The last post on aging parents garnered more comments than any other in the history of this blog, so clearly this is a topic that touches many people. The experiences people have range from the touching and poignant (“Do you know who I am, Mom?” “Yes, you’re my baby”) to the heartbreaking (the father whose dying words were obscenities). As I said in my last comment to the previous post, “These posts explore the pain that is at the very center of what love is, and what life is.”
The cultural context for our Western way of dealing (or not … Read More
A woman in her fifties recently told me about a dream she had had. In the dream she was at a party and saw a tall, attractive man in his early thirties standing alone with a drink in his hand. The woman went over to talk to the man; in the dream she was young again and single, and this situation meant a possible romantic opportunity. With a winning smile, she tried to engage the man in conversation, only to find that his gaze had alighted elsewhere, and with a curt nod and a polite smile, the man excused himself … Read More
As readers may be discovering, I like cinema moments as teaching tools. The one I am thinking of today is in The Untouchables, starring Kevin Costner and Sean Connery. In one tense scene, federal agents, together with a grizzled veteran Chicago cop (played by Sean Connery) are waiting in an isolated cabin for a convoy of Al Capone’s bootlegger henchmen to cross the Canadian border. The two federal agents are nervously checking and rechecking their weapons. Sean Connery watches them… Read More
“I want more”–this is the universal principle of a society built around consumer spending. And it is, by extension, the cry of all those who want more youth, through all the consumer products and services that we think can make us look, feel or be younger. The Buddhist world view responds, “Relax. It’s all right. You have enough.” But we don’t believe it.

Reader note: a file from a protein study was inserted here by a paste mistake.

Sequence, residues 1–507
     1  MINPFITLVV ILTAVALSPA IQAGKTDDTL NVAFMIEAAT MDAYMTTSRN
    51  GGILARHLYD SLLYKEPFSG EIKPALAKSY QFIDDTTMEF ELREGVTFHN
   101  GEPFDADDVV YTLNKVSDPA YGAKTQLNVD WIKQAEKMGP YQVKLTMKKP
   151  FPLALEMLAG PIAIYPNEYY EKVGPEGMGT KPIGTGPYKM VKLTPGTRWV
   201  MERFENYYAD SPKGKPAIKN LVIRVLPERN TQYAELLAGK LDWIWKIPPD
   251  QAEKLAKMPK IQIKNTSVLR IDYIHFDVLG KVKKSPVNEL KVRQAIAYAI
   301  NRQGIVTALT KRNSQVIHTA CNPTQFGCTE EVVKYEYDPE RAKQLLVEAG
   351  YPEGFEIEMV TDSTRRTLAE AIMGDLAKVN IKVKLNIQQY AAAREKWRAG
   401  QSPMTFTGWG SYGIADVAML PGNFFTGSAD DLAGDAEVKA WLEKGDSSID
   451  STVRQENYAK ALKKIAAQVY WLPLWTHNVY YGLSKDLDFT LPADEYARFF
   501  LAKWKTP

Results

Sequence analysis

I am thinking of three moments in literature, cinema, and television that all have a character saying, essentially, “I want more.” The first is from the Humphrey Bogart movie Key Largo, where Bogie is up against … Read More
The baby boomer generation has been criticized for making every stage of life—whether it be adolescence, college, child-rearing, and now their aging—into a self-referential adventure of transformation and improvement. From that point of view the notion of “Aging as a Spiritual Practice” could be seen as just the latest of these baby boomer projects: “We’re going to do aging differently and better than anyone!” Some commentators have concluded that the baby boomers were a coddled, spoiled generation. To them, the bumper sticker “Life is hard and then you die” is more how things actually are.
Needless to say, I see … Read More
We all worry. That is our human condition. Without our exceptional ability to think about a future problem, and come up with ways to deal with it or resolve it, we would not have survived the evolutionary process. And worry is a kind of affliction too, an unpleasant or unwholesome state of mind. Many of us may seek out the Buddhist tradition or meditation because we think it can offer us a method for attaining a state of mind where there is no worry. We are all finding out that Buddhism does not offer that; as a matter of fact, … Read More